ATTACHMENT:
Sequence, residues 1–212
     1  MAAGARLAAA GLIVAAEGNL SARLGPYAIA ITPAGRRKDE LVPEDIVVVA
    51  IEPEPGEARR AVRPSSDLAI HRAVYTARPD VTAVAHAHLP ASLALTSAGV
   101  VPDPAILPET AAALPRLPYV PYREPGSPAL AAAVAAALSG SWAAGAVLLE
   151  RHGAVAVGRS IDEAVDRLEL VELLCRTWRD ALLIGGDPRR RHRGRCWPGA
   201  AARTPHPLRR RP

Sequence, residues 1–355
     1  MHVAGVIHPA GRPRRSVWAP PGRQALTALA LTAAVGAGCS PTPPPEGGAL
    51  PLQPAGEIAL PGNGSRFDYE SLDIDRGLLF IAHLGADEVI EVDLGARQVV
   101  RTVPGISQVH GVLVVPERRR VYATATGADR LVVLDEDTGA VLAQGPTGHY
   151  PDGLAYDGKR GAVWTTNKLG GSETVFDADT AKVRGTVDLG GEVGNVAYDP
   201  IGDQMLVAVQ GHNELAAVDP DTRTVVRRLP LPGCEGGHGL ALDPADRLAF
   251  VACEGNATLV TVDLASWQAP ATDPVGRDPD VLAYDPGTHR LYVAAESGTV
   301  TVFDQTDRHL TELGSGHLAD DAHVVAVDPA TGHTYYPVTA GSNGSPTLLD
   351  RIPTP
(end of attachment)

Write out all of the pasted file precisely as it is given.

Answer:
Sequence, residues 1–212
     1  MAAGARLAAA GLIVAAEGNL SARLGPYAIA ITPAGRRKDE LVPEDIVVVA
    51  IEPEPGEARR AVRPSSDLAI HRAVYTARPD VTAVAHAHLP ASLALTSAGV
   101  VPDPAILPET AAALPRLPYV PYREPGSPAL AAAVAAALSG SWAAGAVLLE
   151  RHGAVAVGRS IDEAVDRLEL VELLCRTWRD ALLIGGDPRR RHRGRCWPGA
   201  AARTPHPLRR RP

Sequence, residues 1–355
     1  MHVAGVIHPA GRPRRSVWAP PGRQALTALA LTAAVGAGCS PTPPPEGGAL
    51  PLQPAGEIAL PGNGSRFDYE SLDIDRGLLF IAHLGADEVI EVDLGARQVV
   101  RTVPGISQVH GVLVVPERRR VYATATGADR LVVLDEDTGA VLAQGPTGHY
   151  PDGLAYDGKR GAVWTTNKLG GSETVFDADT AKVRGTVDLG GEVGNVAYDP
   201  IGDQMLVAVQ GHNELAAVDP DTRTVVRRLP LPGCEGGHGL ALDPADRLAF
   251  VACEGNATLV TVDLASWQAP ATDPVGRDPD VLAYDPGTHR LYVAAESGTV
   301  TVFDQTDRHL TELGSGHLAD DAHVVAVDPA TGHTYYPVTA GSNGSPTLLD
   351  RIPTP